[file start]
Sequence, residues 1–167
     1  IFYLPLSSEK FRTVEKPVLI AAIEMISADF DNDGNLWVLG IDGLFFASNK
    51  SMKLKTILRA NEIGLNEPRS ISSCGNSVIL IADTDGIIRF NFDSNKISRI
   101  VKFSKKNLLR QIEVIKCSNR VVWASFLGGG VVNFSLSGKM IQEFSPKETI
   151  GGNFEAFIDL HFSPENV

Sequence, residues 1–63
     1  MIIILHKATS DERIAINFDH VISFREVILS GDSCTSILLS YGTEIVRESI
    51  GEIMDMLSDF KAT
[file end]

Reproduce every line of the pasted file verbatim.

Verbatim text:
Sequence, residues 1–167
     1  IFYLPLSSEK FRTVEKPVLI AAIEMISADF DNDGNLWVLG IDGLFFASNK
    51  SMKLKTILRA NEIGLNEPRS ISSCGNSVIL IADTDGIIRF NFDSNKISRI
   101  VKFSKKNLLR QIEVIKCSNR VVWASFLGGG VVNFSLSGKM IQEFSPKETI
   151  GGNFEAFIDL HFSPENV

Sequence, residues 1–63
     1  MIIILHKATS DERIAINFDH VISFREVILS GDSCTSILLS YGTEIVRESI
    51  GEIMDMLSDF KAT